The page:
Dangerous Daydreams

daydreamFor as long as I can remember, “imagination” has had a good rep.  And I have had a good supply of it.  As a kid I didn’t just “wrap Christmas presents”—I performed surgery on anxious patients with nothing but pink safety scissors and a roll of Scotch tape.  I didn’t “iron clothes” for my mother—I hosted a televised special on how to get wrinkles out of an Oxford.  Imagination, I quickly learned, was a great way to pass the time.  And the sorrow.

If I didn’t make the team, I imagined I was the star player.  If the cute boy didn’t like me, I imagined that he did.  And if the cute boy turned out to be a real jerk, well that was the beauty of imagination!  In five seconds flat I could turn him into the man of my dreams.  I always assumed I’d quit daydreaming once some of these dreams were actually realized.  After all, when I had the amazing job, and the exciting life, and the man of my dreams I wouldn’t need to daydream, right?

Unless I didn’t have those things.  Unless somewhere along the way I had created dreams so lofty no reality could compete with them.  No man fulfill them.  No set of circumstances live up to them.   I was probably in my twenties when I finally realized daydreaming could be dangerous.  That it could pave a fast track to discontentment.

I think a lot about it now as I raise two young girls—girls who have already fallen in love with the notion of princesses and fairytales.  On the one hand, I’m a major advocate for imagination.  If I were a fictitious character I’d be Anne of Green Gables, scarcely able to fathom the dreariness of a world without imagination.  But as a woman who’s a smidgen wiser than I used to be, I sidle up to it warily.  Imagine we’re in a fort cooking dinner out of pine cones?  I’m all about it!  Imagine we’re digging for dinosaur bones?  Let’s do it!  Imagine one day every fairy tale wish will come true and life will be perfect?  Don’t do it.  Oh, my sweet little girls, don’t do it.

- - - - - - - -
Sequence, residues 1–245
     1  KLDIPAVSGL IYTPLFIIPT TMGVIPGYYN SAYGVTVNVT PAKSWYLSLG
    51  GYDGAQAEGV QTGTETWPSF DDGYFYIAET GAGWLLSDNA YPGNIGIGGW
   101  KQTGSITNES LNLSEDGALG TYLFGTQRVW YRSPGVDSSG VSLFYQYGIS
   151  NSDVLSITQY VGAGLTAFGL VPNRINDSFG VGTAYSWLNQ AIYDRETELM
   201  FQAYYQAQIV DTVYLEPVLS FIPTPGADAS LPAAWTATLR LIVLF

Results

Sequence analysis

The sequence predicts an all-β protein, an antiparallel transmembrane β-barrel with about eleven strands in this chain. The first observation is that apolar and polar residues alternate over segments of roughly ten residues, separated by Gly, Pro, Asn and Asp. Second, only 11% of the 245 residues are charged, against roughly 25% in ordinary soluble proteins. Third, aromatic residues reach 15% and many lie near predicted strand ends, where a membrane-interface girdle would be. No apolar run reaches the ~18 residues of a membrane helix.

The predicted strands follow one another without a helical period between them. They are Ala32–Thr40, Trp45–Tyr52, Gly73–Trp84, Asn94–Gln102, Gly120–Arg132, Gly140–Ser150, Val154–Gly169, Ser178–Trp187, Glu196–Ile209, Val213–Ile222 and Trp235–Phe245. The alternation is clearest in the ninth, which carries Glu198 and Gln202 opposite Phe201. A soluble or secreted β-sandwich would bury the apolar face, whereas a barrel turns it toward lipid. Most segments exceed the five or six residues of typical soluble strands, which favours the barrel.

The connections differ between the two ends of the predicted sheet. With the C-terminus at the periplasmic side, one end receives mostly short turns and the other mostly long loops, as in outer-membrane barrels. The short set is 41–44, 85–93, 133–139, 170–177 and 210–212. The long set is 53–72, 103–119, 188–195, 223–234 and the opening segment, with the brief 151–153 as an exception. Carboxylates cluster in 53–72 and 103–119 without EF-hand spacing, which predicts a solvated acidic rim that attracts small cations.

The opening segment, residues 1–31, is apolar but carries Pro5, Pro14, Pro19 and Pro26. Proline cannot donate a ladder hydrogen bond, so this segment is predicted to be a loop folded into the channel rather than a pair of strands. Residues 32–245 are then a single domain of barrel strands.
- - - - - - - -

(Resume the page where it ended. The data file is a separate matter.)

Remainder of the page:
Because the truth is, you and I were never made for the fairytale.  We weren’t made to live comfortable, easy lives that always make us feel good.  We were made to live one real life, with a real God, who offers real hope in a real and broken world.  My previous post has opened up a floodgate of real Moms sharing their real stories.  It has made me cry, and pray, and rejoice that I am not alone.  I am not journeying with Cinderella and Snow White.  I am journeying with real people—overcomers in Christ with real testimonies.  And I believe that’s exactly the way God intended it to be.  Shortly before leaving His disciples, Jesus warned them that suffering was coming.  He said He was preparing them for it so that in HIM they may have peace.  And then He made this promise: “In this world, you will have prince charming, perfect kids, great hair, loads of free time trouble.  But take heart!  I have overcome the world.”  (John 16:33)

The answer to the reality of pain—the reason we can stand up under it—has always been and always will be found in Jesus.  That’s the mistake I made so many years ago–when I didn’t make the team, when the cute boy didn’t like me.  I didn’t run to Jesus to remind me that my worth is securely kept in Him.  I didn’t let Jesus satisfy my longing to be known and loved.  Instead I crafted a really puny version of fulfillment and daydreamed about it.  And as soon as the daydream was over, so was the satisfaction.